Saturday, August 8, 2015

[REVIEW] Watch Dogs

Watch Dogs
Played on: Wii U
Genre: Open-world action-adventure
Developer / Publisher: Ubisoft

Nintendo has a well known modus operandi, choosing to pave its own way rather than follow industry trends. For the most part, this is precisely what has kept me so interested in the brand over the years, although there is a particular trend I wish they'd show more interest in: open-world gameplay. Sadly, Wii U has seen only a few such games, meaning the existence of Watch Dogs, which is supposed to be Ubisoft very last non-casual offering on the platform, is welcome.

The game puts you in the shoes of Aiden Pearce, a vigilante with a somber personality that also happens to be a highly skilled hacker. The main idea is that, as you explore Chicago and follow through the story, you'll use Aiden's skillset to hack machinery, cameras, ATMs, cellphones, traffic lights, and whatever else strikes your fancy. It's certainly an intriguing gameplay premise, and it often works well.

For this setup to even be plausible, the game's Chicago has to be a highly connected city. Here, there's a single operational system which controls pretty much everything in the city, and that's why Aiden gets to hack everything so easily from his cellphone. Of course, that is something that no public administrator would ever think of as a good idea, precisely because it makes everything so vulnerable. This, coupled with some pretty unbelievable cellphone apps available to the player, makes it hard to truly believe in this world as a living, breathing place; given that the games goes for story-focused realism, this is a problem (although one that plagues many similar titles, to be honest).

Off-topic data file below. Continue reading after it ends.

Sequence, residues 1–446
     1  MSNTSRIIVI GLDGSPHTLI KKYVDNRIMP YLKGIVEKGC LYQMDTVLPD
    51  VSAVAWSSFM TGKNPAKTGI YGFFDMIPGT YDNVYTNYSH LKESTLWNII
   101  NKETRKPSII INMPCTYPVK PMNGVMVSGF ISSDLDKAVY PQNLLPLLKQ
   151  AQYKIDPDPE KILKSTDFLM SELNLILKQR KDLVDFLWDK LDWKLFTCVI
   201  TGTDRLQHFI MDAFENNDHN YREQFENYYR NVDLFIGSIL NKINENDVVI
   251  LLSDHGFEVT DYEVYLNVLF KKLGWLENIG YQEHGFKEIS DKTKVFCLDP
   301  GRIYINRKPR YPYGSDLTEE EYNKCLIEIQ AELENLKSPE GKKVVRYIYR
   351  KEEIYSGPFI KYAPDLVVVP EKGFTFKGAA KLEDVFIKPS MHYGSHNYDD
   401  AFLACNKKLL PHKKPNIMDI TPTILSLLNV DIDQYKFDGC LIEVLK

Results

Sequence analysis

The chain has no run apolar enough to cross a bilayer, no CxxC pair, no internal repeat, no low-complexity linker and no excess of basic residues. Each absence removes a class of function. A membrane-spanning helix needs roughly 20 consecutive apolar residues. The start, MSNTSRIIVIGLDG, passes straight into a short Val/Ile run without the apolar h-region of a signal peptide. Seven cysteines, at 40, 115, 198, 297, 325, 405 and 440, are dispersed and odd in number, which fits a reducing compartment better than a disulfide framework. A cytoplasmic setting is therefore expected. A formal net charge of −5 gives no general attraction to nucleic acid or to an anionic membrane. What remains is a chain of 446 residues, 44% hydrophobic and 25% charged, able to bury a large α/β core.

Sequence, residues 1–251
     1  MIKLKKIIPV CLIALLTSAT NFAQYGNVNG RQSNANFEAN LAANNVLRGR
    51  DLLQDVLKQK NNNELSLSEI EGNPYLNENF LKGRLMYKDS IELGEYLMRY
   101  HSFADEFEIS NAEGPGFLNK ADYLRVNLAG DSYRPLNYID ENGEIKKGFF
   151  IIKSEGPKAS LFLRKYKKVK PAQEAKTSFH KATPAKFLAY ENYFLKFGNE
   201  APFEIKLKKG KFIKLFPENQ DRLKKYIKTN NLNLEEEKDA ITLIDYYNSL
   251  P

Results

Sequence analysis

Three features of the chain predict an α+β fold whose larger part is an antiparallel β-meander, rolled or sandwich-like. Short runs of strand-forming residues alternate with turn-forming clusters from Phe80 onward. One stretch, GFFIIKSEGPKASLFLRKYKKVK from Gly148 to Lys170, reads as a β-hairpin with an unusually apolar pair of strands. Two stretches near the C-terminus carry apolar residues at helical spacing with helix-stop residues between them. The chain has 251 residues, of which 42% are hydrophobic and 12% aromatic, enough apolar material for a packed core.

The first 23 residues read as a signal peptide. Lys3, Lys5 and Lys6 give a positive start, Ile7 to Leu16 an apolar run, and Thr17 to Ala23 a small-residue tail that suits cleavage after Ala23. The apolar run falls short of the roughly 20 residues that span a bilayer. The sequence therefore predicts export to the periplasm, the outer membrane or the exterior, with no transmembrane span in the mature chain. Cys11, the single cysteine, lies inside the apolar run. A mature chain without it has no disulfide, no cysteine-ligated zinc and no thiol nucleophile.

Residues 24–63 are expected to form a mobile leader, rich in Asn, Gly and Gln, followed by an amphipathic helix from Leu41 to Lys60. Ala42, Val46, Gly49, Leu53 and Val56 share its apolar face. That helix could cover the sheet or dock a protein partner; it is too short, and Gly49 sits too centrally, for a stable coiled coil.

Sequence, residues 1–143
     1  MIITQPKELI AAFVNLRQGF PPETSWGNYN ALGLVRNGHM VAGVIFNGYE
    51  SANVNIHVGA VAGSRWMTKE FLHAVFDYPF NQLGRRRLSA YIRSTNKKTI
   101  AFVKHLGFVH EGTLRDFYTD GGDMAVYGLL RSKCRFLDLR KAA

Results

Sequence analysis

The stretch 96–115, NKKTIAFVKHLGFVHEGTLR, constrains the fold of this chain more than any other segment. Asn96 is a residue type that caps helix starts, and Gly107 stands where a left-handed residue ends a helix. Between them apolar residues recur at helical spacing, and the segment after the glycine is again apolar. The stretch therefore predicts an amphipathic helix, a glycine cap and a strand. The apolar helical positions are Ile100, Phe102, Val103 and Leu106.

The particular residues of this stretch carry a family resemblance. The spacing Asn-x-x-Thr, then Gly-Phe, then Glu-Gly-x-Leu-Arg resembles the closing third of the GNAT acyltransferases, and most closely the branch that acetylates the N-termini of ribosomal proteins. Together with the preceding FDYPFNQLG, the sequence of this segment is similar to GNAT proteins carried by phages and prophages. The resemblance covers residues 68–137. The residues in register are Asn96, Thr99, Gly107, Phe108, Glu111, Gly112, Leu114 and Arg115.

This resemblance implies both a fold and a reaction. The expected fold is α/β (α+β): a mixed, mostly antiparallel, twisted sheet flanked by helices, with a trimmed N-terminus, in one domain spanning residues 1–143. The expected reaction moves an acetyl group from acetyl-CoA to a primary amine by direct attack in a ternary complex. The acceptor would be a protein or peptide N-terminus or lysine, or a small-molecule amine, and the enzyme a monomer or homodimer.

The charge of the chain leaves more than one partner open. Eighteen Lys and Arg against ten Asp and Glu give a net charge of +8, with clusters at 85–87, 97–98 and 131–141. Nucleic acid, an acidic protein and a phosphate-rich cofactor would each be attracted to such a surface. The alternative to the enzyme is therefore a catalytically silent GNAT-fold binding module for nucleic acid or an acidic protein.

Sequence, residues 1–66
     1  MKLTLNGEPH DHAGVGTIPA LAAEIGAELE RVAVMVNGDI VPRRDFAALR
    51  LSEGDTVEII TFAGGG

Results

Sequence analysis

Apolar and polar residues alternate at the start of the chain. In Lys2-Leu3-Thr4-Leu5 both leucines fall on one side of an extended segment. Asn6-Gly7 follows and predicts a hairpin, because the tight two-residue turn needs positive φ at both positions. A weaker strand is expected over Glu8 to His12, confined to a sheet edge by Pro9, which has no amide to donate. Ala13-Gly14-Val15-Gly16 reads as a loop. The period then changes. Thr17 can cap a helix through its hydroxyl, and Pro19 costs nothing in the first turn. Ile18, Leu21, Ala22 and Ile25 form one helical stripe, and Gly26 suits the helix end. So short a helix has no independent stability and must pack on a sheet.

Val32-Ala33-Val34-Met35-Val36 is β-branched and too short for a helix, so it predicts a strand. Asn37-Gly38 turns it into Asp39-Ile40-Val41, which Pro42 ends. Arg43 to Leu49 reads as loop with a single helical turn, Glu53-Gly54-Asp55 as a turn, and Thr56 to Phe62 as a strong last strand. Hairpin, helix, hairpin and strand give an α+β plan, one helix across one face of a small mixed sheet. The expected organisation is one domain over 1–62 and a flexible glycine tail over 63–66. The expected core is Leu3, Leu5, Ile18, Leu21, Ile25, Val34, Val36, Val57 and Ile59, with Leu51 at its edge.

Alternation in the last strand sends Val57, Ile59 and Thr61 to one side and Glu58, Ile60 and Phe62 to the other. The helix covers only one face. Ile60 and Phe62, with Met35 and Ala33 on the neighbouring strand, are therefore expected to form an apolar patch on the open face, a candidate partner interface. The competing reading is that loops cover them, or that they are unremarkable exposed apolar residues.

When it comes to the actual action, results are varied. Some story sequences are great, others not so much, thanks in part to the less-than-ideal driving controls; the same can be said of non-story objectives throughout the city. Exploring the city should be cool, as there are many points of interest along the various neighborhoods, and the game allows you to "check in" to each of them and learn a bit of history while you're at it.

One thing that bothered me is just how easy it is to get money: basically, you just need to walk across a citizen with money in the bank, effortlessly hack his phone from yours and steal his credits. It's an interesting idea at first, but it quickly grows dull from the lack of challenge.

As filled with things to do as Watch Dogs is, I couldn't help but feel it was a bit stale in the end. It boasts such a cool premise that the execution simply falls short of what could have been. It also suffers from frame-rate problems, sometimes quite severely, even if the graphics are serviceable enough. It's a cool option for open-world fanatics on Wii U, but far from a game that will be remembered as a bastion of the genre.

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